- “Normal Thyroid Hormone Levels.” UCLA Health.
- “Thyroid Hormone Treatment” Patient Brochure from American Thyroid Association. https://www.thyroid.org/thyroid-hormone-treatment/
- “Levothyroxine.” National Health Service. https://www.nhs.uk/medicines/levothyroxine/
- “Clinical Practice Guidelines for Hypothyroidism in Adults: Cosponsored by the American Association of Clinical Endocrinologists and the American Thyroid Association.” Garber, Jeffery et al. (2012). https://www.liebertpub.com/doi/full/10.1089/thy.2012.0205
- “Effects of Evening vs Morning Levothyroxine Intake, A Randomized Double-blind Crossover Trial.” Bolk, Nienke et al. Archives of Internal Medicine. (2010). https://jamanetwork.com/journals/jamainternalmedicine/article-abstract/776486
- “Altered Intestinal Absorption of L-Thyroxine Caused by Coffee.” Benvenga, Salvatore et al. Thyroid. (2008). https://www.liebertpub.com/doi/abs/10.1089/thy.2007.0222
- “Concurrent Milk Ingestion Decreases Absorption of Levothyroxine.” Chon, Deborah et al. Thyroid. (2018). https://www.liebertpub.com/doi/full/10.1089/thy.2017.0428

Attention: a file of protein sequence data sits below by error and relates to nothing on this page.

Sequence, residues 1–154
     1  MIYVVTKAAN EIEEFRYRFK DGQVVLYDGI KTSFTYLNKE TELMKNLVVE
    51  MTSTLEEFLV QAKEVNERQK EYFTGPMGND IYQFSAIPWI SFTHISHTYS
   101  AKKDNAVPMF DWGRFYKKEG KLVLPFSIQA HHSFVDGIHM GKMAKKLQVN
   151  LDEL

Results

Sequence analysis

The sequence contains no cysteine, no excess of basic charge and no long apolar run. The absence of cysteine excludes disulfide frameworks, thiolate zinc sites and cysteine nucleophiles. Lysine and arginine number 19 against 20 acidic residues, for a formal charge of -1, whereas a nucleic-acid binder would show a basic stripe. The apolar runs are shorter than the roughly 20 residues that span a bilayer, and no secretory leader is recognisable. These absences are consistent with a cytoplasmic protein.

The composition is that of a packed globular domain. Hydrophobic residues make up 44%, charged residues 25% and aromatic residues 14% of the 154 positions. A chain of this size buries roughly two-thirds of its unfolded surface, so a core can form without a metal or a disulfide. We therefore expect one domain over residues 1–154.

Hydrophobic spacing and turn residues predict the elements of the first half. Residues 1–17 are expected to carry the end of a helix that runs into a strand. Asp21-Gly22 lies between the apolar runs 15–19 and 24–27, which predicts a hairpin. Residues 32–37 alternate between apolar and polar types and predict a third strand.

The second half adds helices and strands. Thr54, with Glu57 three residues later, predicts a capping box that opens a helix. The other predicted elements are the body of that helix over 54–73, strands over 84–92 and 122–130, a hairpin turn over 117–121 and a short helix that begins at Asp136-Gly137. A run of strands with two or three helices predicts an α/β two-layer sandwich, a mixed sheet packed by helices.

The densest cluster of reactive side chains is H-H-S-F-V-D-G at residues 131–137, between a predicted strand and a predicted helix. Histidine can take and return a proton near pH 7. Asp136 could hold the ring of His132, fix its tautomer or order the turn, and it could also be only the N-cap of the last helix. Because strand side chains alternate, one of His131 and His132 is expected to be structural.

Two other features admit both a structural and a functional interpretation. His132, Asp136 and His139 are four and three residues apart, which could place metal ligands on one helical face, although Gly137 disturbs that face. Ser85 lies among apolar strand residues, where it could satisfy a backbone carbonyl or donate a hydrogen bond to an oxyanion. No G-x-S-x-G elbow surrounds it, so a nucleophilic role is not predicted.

- “Serum Thyrotropin Levels Following Levothyroxine Administration at Breastfast.” Siilva Perez, Camila Luhm et al. (2013). https://www.liebertpub.com/doi/full/10.1089/thy.2012.0435
- “Treatment of Hypothyroidism with Once Weekly Thyroxine.” Grebe, Stefan et al. (1997). https://doi.org/10.1210/jcem.82.3.3830
- “Metformin does not suppress serum thyrotropin by increasing levothyroxine absorption.” Al-Alusi, Mostafa et al. (2015). https://www.liebertpub.com/doi/full/10.1089/thy.2015.0211